UK troops leave Helmand's Sangin
British forces in Afghanistan have handed over responsibility for security in Sangin to US forces, marking the end of their four-year mission in the area.
The 1,000 Royal Marines and other personnel are being redeployed to central Helmand province.
The UK has suffered its heaviest losses in Sangin. Of the 337 UK deaths since 2001, a third have happened there.
Defence Secretary Dr Liam Fox said UK troops should be "proud of their achievements".
He said Sangin was "one of the most challenging areas of Afghanistan".
"The level of sacrifice has been high and we should never forget the many brave troops who have lost their lives in the pursuit of success in an international mission rooted firmly in our own national security in the UK," he said.
Lt Gen Nick Parker, deputy commander of Nato forces in Afghanistan, said the move was a "routine piece of battlefield relocation" and more "coherent from a tactical, military perspective".
UK forces have been in the area since 2006, and 106 UK personnel have been killed, 36 this year alone. The MoD announced in July that British troops were to be replaced by US forces.
Control was formally handed over from UK forces to the US Marine Corps at 0630 BST.
The BBC's Ian Pannell in Kabul said there would be a physical handover, with the union jack lowered and the US flag raised, but little would change on a practical level.
He said some members of the 40 Commando Battle Group had already left, and the handover would be staggered over the coming weeks.
Describing it as a "totemic" moment for the UK, he said Sangin was the most dangerous district in Helmand - if not the whole of Afghanistan.
On a recent visit to the area, he witnessed a long battle in which a number of US soldiers, Afghan soldiers and civilians sustained injuries.
"Although progress has been made, the area remains very difficult. It is a key battleground for insurgents and coalition forces.
"The truth is, the Americans will now have to try and finish the job that Britain started," he added.
Ian Sadler, whose son Jack was killed when a landmine exploded underneath his army Land Rover near Sangin in 2007, said he was glad troops were getting out of the area.
"We are pulling out of a hotspot. It's a particularly dangerous area of Afghanistan, so it's a good thing," he told the BBC.
"I think it is a shame that while our soldiers were in Sangin they did not have the best vehicles that could have been provided and I still don't think there's enough helicopters."
The former serviceman said it was part of a soldier's job to keep moving on.
"They will be sad for the ones who have been killed, for those who have lost their arms and legs," he added. "But Sangin is like staying at a bad hotel - you're glad when you don't go back."
Col Stuart Tootal, former commander of 3 Para, the first battle group sent into Sangin, says the area will always be significant for British forces.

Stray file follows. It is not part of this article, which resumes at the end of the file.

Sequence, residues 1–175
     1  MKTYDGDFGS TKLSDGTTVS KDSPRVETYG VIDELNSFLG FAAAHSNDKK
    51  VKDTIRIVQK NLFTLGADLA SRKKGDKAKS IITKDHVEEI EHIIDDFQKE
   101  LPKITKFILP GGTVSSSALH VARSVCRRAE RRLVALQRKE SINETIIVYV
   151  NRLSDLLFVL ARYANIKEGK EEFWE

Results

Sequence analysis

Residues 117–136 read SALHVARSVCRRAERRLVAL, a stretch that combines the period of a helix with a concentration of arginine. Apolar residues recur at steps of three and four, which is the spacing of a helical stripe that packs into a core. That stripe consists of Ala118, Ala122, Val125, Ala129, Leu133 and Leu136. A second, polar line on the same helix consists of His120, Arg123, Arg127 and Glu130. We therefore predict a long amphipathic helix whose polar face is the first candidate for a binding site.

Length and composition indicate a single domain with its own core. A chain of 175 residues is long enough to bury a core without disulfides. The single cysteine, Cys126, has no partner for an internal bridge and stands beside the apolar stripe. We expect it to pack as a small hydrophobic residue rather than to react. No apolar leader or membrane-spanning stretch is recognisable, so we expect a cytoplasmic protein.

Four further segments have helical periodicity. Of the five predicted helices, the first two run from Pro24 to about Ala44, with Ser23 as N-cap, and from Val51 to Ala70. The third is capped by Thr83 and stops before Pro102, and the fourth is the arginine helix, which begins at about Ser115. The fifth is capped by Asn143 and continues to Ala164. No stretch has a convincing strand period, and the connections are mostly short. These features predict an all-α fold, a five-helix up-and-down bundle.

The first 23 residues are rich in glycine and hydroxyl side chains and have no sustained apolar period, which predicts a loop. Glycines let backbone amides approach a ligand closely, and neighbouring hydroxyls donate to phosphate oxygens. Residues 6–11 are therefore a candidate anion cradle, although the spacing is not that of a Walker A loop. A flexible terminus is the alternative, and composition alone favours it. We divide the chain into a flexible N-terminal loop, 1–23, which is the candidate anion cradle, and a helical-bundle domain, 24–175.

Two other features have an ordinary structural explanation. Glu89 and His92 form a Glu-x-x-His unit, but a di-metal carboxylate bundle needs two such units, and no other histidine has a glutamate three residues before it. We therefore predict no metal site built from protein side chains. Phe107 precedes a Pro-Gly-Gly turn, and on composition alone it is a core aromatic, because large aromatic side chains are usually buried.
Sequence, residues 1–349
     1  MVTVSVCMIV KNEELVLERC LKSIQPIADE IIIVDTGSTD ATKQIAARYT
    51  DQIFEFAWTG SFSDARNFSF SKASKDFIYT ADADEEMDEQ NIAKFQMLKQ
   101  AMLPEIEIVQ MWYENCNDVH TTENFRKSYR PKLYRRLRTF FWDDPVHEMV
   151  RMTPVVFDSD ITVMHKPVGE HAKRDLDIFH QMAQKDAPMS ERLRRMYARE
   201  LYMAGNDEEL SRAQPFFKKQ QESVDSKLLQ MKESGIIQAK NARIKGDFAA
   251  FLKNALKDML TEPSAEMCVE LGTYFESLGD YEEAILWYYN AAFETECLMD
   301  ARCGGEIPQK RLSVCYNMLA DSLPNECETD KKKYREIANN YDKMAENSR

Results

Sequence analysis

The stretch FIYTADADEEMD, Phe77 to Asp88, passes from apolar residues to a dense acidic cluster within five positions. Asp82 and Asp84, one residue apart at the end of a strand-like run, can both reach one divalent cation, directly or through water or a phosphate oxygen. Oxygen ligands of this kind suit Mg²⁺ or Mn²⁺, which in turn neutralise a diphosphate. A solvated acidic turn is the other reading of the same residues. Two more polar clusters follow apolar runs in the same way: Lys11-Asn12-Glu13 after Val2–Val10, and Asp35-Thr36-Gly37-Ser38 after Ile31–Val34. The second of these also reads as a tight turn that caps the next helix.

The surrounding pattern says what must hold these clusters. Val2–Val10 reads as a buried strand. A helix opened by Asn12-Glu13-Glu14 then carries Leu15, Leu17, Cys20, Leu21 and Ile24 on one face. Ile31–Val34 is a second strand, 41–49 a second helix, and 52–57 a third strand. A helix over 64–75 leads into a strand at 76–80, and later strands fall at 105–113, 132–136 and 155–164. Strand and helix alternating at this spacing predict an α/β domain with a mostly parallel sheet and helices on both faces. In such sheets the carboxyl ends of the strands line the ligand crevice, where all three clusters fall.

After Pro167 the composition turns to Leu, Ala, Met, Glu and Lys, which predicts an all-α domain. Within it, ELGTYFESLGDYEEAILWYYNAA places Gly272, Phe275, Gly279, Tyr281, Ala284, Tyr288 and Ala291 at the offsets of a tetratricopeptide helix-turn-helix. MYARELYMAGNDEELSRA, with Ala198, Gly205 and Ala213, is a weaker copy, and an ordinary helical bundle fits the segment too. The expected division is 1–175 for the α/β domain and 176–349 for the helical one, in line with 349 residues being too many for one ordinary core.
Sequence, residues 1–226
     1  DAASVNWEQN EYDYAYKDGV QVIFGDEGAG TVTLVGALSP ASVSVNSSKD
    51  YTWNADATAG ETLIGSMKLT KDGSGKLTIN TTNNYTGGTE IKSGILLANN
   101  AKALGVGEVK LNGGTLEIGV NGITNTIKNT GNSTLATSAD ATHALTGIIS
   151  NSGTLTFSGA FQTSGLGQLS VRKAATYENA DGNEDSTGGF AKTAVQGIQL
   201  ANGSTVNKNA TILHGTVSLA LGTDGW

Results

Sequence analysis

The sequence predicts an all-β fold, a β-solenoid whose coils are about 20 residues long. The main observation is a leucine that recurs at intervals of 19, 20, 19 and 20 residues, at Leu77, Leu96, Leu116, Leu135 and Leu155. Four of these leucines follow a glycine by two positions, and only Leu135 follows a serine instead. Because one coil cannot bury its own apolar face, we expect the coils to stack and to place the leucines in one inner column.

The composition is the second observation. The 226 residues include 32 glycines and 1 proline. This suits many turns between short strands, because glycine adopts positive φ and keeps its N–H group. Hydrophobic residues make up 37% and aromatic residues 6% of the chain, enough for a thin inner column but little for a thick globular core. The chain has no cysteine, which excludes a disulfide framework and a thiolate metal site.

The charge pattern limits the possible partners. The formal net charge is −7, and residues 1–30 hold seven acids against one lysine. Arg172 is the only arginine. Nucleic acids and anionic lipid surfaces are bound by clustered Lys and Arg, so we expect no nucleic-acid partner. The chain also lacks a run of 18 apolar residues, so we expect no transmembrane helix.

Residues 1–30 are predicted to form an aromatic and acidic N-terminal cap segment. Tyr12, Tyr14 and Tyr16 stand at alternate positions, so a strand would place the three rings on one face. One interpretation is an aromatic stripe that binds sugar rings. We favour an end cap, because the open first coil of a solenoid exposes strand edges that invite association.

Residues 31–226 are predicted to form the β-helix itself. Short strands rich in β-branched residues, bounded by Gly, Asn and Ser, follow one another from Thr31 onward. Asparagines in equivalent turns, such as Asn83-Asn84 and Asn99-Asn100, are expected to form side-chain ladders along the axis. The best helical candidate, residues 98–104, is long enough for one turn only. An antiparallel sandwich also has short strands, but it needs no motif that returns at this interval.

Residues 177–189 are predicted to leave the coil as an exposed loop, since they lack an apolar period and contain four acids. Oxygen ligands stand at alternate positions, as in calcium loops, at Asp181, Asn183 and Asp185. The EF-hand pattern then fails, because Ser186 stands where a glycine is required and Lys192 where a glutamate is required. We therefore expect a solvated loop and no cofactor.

"We can't ignore the emotion the British are going to attach to Sangin. I mean my own battle group went in there four years ago and half our casualties were lost in Sangin," he said.
The handover "makes pragmatic good sense because it allows the British to focus on their main effort in the centre of the province," he added.
MoD spokesman Maj Gen Gordon Messenger, a former commander of the UK Helmand task force, said it was "absolutely not" a pull-out .
While progress had been slower in Sangin than in other parts of Helmand, he admitted, British efforts had not been worthless.
"It's a hugely important point that the Afghan flag flies in the district centre of Sangin, and that the people of Sangin and the surrounding area recognise that and see the benefits of it," he said.
"By contesting Sangin, by showing improvement in Sangin, we're able to deflect violence that would otherwise by exported into the populated areas in central Helmand."
The commanding officer of 40 Commando group, Lt Col Paul James, said the handover was a "poignant moment" tinged with sadness, but the overwhelming emotion was one of pride.
"I think we've achieved significant success here, making Sangin a much more stable and peaceful place.
"And probably just as importantly, the Afghan national security forces that we've partnered here are now starting to be able to stand on their own two feet and take on the responsibility for delivering Sangin for themselves.
"It's not going to be British forces who deliver success in Sangin and it's not going to be American forces.
"It's not going to be anyone else other than the Afghans themselves."
Lt Col Clay Tipton, from the US Marine Corps, said UK and US troops had been working together in Sangin for the past couple of months, and their job now was to "continue the success".
The BBC's Quentin Sommerville in Kabul says Sangin is a town of about 20,000 people and the area is a vital supply route for the Taliban, with men, money and drugs passing through it.
He said British patrol bases were already being shut down and the Royal Marines who served there are frustrated at having to leave a place they fought so hard for.
"As the British mission in Sangin ends, questions remain whether there were ever enough resources to complete the job," he said. "Even so, the American force will cover the same amount of ground, with a similar number of troops."
There are about 9,500 UK troops in Afghanistan, with the majority deployed in the south of the country.